HR World published a great "top 10" list yesterday with some tips on how to optimize your workstation. We thought we'd pass them along.
Here's to your continued productivity!
If you're like most people, you spend a good portion of your waking hours sitting at a desk or working with a computer. This time can become painful — and even unbearable — if you don't take steps to properly set up your workstation to work with your body and not against it.
Creating an ergonomic workstation is easier than you might think, and the payoff can be huge. These tips and resources can get you on the path to making your workstation more ergonomic and maybe even more productive.
1. Work Area: When setting up a work area, make sure that the space is large enough for you to spread out comfortably and allows for a full range of motion, which can be a special concern for those with especially long limbs. You should also leave plenty of room to arrange the items you use most frequently in such a way that there is no strain for you to reach them.
2. Laptops: When using a laptop, it's best to use it while it's on a table rather than on your lap. If you use it frequently, you might be better served by using a separate keyboard and mouse rather than using the built-in keyboard and touch pad to reduce strain on your wrists and hands.
3. Keyboard: If you spend a lot of your workday typing, where you place your keyboard and how you use it can greatly affect your risk for getting RSIs (repetitive stress injuries) like carpal tunnel syndrome. Your keyboard should be placed so that your arms are parallel to your thighs. If your desk doesn't allow for this, try getting a keyboard tray. You'll also want to do your best to use good typing techniques, keeping your wrists elevated and not hitting the keys too hard.
4. Mouse: When setting up your desk, make sure to keep your mouse easily within reach and try not to grip it too tightly, as doing so can strain the muscles in your hand. If you find that using a mouse bothers you too much, try using an alternate input device like a trackball or a touch pad.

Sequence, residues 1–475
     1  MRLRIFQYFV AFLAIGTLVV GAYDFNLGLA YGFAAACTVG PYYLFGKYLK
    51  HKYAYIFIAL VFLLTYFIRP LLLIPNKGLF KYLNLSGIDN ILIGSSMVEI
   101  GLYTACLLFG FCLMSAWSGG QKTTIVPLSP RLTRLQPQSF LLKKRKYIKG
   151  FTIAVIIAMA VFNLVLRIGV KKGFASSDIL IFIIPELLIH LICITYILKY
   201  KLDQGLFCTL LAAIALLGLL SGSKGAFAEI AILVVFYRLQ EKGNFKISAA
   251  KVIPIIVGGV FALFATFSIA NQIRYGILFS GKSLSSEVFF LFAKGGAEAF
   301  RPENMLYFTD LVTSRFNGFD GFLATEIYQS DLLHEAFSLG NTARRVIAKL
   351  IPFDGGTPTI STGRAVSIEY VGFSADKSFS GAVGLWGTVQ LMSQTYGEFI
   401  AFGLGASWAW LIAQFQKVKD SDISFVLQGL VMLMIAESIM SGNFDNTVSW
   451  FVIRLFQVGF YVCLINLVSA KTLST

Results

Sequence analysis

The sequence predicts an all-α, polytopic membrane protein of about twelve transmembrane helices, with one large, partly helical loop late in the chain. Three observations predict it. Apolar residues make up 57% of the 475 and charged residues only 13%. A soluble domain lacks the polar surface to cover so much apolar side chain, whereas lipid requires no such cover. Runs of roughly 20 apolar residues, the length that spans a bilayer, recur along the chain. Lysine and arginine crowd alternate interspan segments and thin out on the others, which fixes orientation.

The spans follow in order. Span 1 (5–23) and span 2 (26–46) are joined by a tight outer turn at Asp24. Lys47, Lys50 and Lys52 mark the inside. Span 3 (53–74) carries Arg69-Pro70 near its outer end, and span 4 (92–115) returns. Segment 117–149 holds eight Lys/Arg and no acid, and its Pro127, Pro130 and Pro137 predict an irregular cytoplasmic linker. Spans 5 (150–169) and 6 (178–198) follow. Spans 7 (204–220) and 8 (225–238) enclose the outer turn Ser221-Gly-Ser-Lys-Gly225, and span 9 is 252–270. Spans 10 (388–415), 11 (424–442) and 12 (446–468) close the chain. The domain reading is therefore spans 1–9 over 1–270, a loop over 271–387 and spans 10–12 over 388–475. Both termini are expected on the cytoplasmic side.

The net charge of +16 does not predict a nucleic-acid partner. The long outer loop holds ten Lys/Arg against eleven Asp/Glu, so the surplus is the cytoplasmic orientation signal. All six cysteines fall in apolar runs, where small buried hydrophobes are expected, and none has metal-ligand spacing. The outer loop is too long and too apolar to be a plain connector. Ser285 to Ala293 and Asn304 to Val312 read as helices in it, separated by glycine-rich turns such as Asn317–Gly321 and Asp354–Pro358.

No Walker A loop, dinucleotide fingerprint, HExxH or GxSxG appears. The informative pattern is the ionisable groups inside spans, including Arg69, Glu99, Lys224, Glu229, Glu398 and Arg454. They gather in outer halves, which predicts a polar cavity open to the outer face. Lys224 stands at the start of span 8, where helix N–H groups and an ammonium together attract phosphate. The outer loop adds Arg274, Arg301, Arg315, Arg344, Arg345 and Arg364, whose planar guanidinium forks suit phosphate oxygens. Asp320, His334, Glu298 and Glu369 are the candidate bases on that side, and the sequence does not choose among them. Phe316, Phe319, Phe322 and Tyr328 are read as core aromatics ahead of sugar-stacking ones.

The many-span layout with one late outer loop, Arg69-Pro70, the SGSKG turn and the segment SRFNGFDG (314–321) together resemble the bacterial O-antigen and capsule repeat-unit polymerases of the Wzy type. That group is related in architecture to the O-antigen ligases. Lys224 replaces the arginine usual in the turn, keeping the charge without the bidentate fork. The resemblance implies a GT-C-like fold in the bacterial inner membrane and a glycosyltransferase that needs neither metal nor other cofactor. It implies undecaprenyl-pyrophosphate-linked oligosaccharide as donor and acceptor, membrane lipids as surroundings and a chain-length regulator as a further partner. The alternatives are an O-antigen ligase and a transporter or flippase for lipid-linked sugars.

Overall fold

5. Desk: There is no one-size-fits-all desk, so choose one that is right for you. You can help reduce your chance of injury by getting a document holder, arranging your electronics within your reach and making sure that the area underneath your desk remains uncluttered.
6. Chair: A good chair can do wonders, as sitting is much harder on your back than it might appear to be. Make sure to keep your lower back supported, and adjust your chair so that you can easily reach your keyboard and mouse. If this means raising the chair so that your feet don't quite reach the floor, get a footrest to help keep your feet from dangling.
7. Monitor: Improperly configured monitors can cause a great deal of eyestrain, resulting in headaches and difficulty concentrating. Center your monitor in front of you at a comfortable distance, and adjust the brightness settings so that it’s easy on your eyes. Make sure to take breaks from staring at your screen, too. Glare can be a problem as well, and if you can't seem to eliminate it, use a glass glare filter.
8. Lighting: Common office lighting can often create a great deal of eyestrain by making your computer monitor difficult to see. Adjust your shades or lights as much as you can to reduce glare, and position your monitor at such an angle to light sources that reflection is reduced. It can be helpful to keep overhead lights dimmed and use a desk lamp for close work.
9. Work Habits: You can arrange your work habits so that you don't put undue stress on any part of your body. Make sure to take frequent breaks, get up and walk around, and change positions frequently so that repetitive tasks and static work won't take their tolls.
10. Phone: It can be tempting to multitask and cradle your phone receiver between your neck and shoulder. However, this should be avoided, as it can create a great deal of strain in your neck muscles. If you need to have your hands free, try using a headset or put the call on speakerphone.